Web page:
NFL free agency is off and running, and we're keeping track of every major signing, trade and release of the 2022 offseason, with analysis from our NFL Nation reporters and grades from our experts. The first round of the 2022 NFL draft begins April 28 on ESPN.
No team spent more than the New England Patriots in free agency last offseason, but don't expect a similar approach this year. Cap space isn't as plentiful. And there's only so much cash to go around. Plans figure to start in-house with the hope of re-signing or extending key players who might not generate big headlines, but have delivered in recent years (e.g. K Nick Folk, P Jake Bailey etc.). Then New England will consider options from other teams. So unlike last year, when the Patriots swung big, they are expected to be more judicious this time around.
Here's a breakdown of every 2022 NFL free-agent signing by the Patriots, and how each will impact the upcoming season:
Devin McCourty, S
McCourty is returning to the Patriots, agreeing to a one-year deal for $9 million, a source told ESPN on Sunday.
What it means: McCourty is back for a 13th season and the Patriots keep one of their all-time great leaders/culture-builders in place. He can still contribute at safety, where he's essentially the quarterback of the secondary and remains one of the team's fastest defenders. But his sheer presence alone has considerable value in terms of what it means to be a Patriot. Buying another year of that -- in the locker room and on the field -- has obvious value to Bill Belichick.
What's the risk: McCourty turns 35 in August and devoting one year and $9 million to a player at that stage of his career can be considered a roll of the dice. The Patriots enter free agency with about $12 million in cap space, and while more space can always be created, McCourty's deal eats away at it and potentially affects other bigger-ticket signings.
Jabrill Peppers, S
The Patriots and Peppers reached agreement on a one-year deal, sources told ESPN.
What it means: The Patriots play the majority of their snaps with five or six defensive backs, and like some of their safeties to play in the box to support the run, and that's where Peppers could fit best if he makes the team. At 5-foot-11 and 215 pounds, he's a similar physical build to former Patriots safety Patrick Chung and current Patriots safety Adrian Phillips. The Patriots have longtime captain McCourty as their top deep safety, with Phillips and Kyle Dugger projected starters alongside him in the "Big Nickel" package. Peppers and 2021 sixth-round draft choice Joshuah Bledsoe (5-11, 201) provide depth and potential upside behind them. Also, Peppers is a top candidate to be the primary punt returner after Gunner Olszewski joined the Steelers.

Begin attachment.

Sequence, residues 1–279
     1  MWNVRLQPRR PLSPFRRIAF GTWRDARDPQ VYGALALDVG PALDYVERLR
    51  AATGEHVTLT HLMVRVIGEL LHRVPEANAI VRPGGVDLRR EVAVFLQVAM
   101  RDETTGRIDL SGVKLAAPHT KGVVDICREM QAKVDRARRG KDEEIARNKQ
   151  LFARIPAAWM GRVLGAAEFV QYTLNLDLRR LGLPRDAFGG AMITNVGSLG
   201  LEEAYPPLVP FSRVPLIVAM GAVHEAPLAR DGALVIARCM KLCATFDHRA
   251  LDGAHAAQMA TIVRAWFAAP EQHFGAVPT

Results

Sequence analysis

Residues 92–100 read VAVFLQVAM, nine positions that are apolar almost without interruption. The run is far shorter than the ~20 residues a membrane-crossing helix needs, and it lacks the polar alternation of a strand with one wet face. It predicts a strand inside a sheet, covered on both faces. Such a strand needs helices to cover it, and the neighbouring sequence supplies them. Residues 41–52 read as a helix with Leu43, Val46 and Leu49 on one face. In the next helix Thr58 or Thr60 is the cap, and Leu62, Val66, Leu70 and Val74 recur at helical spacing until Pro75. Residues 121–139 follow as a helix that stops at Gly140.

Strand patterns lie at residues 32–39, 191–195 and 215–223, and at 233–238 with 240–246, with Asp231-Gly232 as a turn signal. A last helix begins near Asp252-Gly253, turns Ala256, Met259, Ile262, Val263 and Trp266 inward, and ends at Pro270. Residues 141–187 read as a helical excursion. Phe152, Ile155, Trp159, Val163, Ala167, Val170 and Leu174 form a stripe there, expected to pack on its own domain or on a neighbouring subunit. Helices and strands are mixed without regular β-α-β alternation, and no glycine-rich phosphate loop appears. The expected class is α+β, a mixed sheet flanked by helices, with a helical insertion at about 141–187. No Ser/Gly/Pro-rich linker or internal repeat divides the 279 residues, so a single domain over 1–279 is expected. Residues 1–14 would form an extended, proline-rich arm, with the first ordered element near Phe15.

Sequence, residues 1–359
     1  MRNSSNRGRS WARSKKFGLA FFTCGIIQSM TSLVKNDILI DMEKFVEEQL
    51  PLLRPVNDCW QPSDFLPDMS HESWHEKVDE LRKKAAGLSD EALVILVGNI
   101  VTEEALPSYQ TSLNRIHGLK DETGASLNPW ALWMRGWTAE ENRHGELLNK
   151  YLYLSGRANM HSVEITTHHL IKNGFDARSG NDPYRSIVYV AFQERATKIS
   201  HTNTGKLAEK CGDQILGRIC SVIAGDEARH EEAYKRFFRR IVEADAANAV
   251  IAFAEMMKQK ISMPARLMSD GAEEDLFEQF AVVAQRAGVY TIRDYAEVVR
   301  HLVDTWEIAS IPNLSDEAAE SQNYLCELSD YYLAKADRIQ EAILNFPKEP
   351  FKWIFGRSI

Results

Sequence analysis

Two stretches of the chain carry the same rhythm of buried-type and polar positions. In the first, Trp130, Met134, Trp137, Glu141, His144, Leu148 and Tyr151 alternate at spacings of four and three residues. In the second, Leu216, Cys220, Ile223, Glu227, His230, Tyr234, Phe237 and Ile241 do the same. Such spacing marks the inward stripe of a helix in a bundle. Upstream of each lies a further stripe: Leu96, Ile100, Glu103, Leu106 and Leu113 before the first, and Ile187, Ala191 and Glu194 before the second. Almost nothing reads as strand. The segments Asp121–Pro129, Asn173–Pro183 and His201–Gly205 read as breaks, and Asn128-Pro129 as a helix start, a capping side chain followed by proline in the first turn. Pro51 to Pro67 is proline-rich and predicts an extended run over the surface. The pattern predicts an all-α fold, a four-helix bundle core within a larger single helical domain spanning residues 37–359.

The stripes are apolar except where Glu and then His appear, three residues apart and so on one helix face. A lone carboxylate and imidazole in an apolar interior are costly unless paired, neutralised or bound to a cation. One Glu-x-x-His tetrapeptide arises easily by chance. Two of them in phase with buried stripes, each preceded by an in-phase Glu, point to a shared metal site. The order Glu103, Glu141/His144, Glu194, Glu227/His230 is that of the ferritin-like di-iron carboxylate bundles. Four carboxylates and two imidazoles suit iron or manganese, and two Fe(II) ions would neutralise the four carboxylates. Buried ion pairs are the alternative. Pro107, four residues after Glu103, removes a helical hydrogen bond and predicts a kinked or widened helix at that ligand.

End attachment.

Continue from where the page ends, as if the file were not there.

What's the risk: Peppers ruptured the ACL in his right knee during a Week 6 win against the Panthers last season, so the Patriots are banking on him having no problems returning to his prior form. But the risk is likely mitigated by what is expected to be a modest contract.
Trent Brown, T
The Patriots have agreed to a two-year deal with Brown.
What it means: The Patriots' offensive line, which was already undergoing significant turnover after trading starting right guard Shaq Mason and seeing left guard Ted Karras sign with the Bengals as a free agent, won't have a third layer of change. That's significant. When Brown is healthy and motivated, he's one of the better tackles in the NFL. And protecting QB Mac Jones is obviously a priority.
What's the risk: Brown's availability the past three seasons (two with the Raiders, one with the Patriots) hasn't been ideal. He missed eight games in 2021 with a calf injury. So while the two-year deal is team-friendly, and Brown will earn maximum value by showing he can stay on the field, there's still risk with Brown for a team that has long believed that "availability can be more important than ability."
Nick Folk, K
The Patriots have agreed to a two-year, $5 million deal with Folk, a source confirmed. The deal includes $2.19 million in guaranteed money.
What it means: Folk has a streak of 55 straight field goals within 50 yards -- which stretches back to the start of the 2020 season -- so the Patriots are retaining one of the NFL's most reliable kickers. Folk needs one more to tie the NFL record of 56 straight field goals under 50 yards, set by Ryan Succop of Tennessee (2014-17). The team has Quinn Nordin on the roster as a developmental option, but as long as Folk keeps producing alongside holder Jake Bailey and snapper Joe Cardona, Nordin's time can wait.
What's the risk: The contract isn't a lot for a steady kicker, but Folk does turn 38 in November, which makes him one of the NFL's oldest players. Nonetheless, there is a notable history of kickers still being effective into their 40s.
Malcolm Butler, CB
Butler is returning home, agreeing to a two-year deal worth up to $9 million with the Patriots, his agent, Derek Simpson, told ESPN.
What it means: Given his starting experience, and also his previous time in New England (2014-17), Butler is a top candidate to fill the void created by J.C. Jackson's free-agent departure to the Chargers. Jalen Mills projects to fill one starting spot, and Jonathan Jones is a top option in the slot, and then it will be Butler, Shaun Wade, Terrance Mitchell and Joejuan Williams competing for the other starting spot along with a possible high draft pick.
What's the risk: Butler didn't play in 2021 after being placed on the reserve/retired list by the Cardinals at the end of the preseason ... and prior to that, the Titans had released him after three seasons. So the Patriots are banking on Butler finding his prior form. The contract is modest, which limits the risk.
Ty Montgomery, WR/RB
The Patriots have agreed to a two-year deal with Montgomery, as first reported by Josina Anderson.